Over 1.3 million unintended pregnancies occur annually in Nigeria. Well over half (760,000) of these pregnancies result in an unsafe abortion. Fifty-four percent of young women in Nigeria give birth by age 16 without regular access to quality reproductive / maternal health services i.e. Ante-natal classes. So far maternal mortality estimate for Nigeria suggests that 145 women die each day due to pregnancy-related complications. The risk of injury and death from pregnancy-related complications is higher among teenaged mothers because they are more likely to experience an unsafe abortion and because they experience a higher risk of complications at birth due to underdeveloped bodies. Experts believe that unsafe abortion accounts for up to 40% of maternal deaths in Nigeria
Young Nigerian women are almost three times as likely to be infected with HIV as young Nigerian men – 2.3 percent of young women are HIV positive, compared to 0.8 percent of young men. In a national health survey, 62 percent of young women indicated that they had no knowledge of STIs. Forty-three percent of young men said that had no knowledge of STI.
Evidence shows that comprehensive sexuality education that is locally contextualized, age appropriate, gender-sensitive and life skills-based can provide young people with the knowledge, skills and self-efficacy to make informed (SRHR) decisions about their sexuality and lifestyle. CSE can effectively delay sex among young people and increase condom and overall contraceptive use among the sexual active youth. Despite recognition that poverty is an important factor in risky sexual behaviour, programmes addressing sexuality in Barracks are quite experimental or incidental. Yet results from recent studies are promising.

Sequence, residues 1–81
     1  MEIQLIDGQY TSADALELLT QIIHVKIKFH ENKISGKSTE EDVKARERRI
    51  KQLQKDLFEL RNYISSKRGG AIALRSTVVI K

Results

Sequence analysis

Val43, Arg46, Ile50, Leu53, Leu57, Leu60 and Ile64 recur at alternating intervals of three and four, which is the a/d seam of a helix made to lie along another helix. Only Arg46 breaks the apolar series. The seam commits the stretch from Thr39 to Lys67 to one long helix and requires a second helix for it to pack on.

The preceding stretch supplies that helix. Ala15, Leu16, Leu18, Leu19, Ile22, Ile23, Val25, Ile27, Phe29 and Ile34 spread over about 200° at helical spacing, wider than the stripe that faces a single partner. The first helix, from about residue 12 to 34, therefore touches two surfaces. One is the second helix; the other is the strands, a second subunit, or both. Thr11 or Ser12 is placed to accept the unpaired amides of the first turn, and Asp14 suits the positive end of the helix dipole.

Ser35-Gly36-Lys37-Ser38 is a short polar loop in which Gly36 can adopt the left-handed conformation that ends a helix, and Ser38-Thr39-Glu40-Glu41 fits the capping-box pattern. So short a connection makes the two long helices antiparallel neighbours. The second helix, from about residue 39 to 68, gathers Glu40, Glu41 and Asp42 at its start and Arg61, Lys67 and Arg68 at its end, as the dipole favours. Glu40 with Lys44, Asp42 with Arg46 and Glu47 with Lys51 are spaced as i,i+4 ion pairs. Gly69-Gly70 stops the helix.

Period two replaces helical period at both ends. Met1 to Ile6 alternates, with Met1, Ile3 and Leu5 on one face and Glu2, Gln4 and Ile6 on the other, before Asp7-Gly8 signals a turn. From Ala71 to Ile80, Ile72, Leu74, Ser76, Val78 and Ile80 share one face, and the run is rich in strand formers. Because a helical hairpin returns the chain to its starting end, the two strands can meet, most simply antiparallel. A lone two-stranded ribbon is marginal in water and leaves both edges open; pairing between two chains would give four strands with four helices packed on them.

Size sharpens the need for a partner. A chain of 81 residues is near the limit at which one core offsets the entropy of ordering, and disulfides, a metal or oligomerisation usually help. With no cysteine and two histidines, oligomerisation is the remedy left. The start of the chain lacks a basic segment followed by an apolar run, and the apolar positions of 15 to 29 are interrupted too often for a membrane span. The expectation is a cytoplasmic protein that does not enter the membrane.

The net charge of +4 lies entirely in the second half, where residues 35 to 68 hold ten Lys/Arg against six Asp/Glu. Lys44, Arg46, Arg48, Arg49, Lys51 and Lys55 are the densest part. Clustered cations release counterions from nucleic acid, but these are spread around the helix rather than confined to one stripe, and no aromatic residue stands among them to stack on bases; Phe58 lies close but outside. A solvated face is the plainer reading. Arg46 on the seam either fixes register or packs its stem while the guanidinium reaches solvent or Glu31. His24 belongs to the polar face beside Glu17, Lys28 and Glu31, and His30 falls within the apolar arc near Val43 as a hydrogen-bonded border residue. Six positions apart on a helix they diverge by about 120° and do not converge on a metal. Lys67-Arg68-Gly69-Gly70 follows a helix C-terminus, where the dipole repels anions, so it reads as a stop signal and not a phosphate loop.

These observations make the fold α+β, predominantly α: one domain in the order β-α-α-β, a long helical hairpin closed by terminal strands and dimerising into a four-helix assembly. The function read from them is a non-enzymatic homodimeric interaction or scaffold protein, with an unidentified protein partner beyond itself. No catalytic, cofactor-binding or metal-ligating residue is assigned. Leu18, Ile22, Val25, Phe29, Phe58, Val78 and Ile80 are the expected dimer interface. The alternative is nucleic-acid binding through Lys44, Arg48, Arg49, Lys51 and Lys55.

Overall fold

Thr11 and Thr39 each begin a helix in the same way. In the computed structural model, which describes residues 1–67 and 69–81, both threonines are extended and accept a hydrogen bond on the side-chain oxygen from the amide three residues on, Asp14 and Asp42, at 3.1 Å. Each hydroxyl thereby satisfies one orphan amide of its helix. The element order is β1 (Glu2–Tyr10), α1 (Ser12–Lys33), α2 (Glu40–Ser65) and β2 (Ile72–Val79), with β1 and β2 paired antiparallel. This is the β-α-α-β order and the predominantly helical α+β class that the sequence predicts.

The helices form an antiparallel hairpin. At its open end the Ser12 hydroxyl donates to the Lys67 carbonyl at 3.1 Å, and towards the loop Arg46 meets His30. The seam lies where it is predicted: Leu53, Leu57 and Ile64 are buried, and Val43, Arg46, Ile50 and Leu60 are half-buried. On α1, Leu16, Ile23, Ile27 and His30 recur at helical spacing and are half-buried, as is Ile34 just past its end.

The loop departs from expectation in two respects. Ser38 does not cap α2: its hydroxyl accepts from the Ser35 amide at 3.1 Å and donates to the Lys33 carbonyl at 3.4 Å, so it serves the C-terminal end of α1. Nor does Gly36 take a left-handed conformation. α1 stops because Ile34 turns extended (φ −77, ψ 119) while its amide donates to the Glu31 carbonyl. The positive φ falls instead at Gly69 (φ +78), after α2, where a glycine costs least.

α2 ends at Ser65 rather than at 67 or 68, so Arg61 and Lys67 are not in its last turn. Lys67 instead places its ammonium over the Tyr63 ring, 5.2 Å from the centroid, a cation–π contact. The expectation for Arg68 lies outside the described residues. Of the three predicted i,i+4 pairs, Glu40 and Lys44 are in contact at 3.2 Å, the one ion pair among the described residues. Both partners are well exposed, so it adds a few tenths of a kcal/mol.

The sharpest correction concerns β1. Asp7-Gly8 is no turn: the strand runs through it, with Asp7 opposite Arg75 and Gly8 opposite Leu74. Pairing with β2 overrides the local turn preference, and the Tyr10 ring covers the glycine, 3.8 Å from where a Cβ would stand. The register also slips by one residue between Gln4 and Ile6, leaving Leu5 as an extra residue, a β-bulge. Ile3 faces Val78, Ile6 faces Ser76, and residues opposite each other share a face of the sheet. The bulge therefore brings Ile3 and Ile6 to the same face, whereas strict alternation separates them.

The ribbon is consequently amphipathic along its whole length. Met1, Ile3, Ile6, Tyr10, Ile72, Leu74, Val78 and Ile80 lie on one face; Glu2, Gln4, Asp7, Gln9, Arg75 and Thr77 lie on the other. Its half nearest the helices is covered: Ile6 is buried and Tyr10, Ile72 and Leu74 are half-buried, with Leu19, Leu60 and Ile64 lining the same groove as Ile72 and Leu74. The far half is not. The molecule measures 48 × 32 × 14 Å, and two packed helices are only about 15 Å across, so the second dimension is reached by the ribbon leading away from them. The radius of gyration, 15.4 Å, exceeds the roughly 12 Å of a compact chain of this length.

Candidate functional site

Majority of these young people are found in a cluster of barrack communities where rapes, unplanned pregnancy, unsafe abortions, STIs, false sharing of knowledge on RH are known to be very high.
IPAS-Nigeria engages women and men in their communities to expand their knowledge of reproductive health and rights.
Traffina Foundation with support from IPAS-Nigeria conducted a 1 day interactive seminar targeting young people living in Barrack communities were many parents live outside home or on regular posting to war camps with little or no attention paid to the young ones during early reproductive life or stage.
One hundred and ten young people living at police barrack phase 1 Gwagwalada including some parents gained more knowledge on reproductive health , access, rights and services.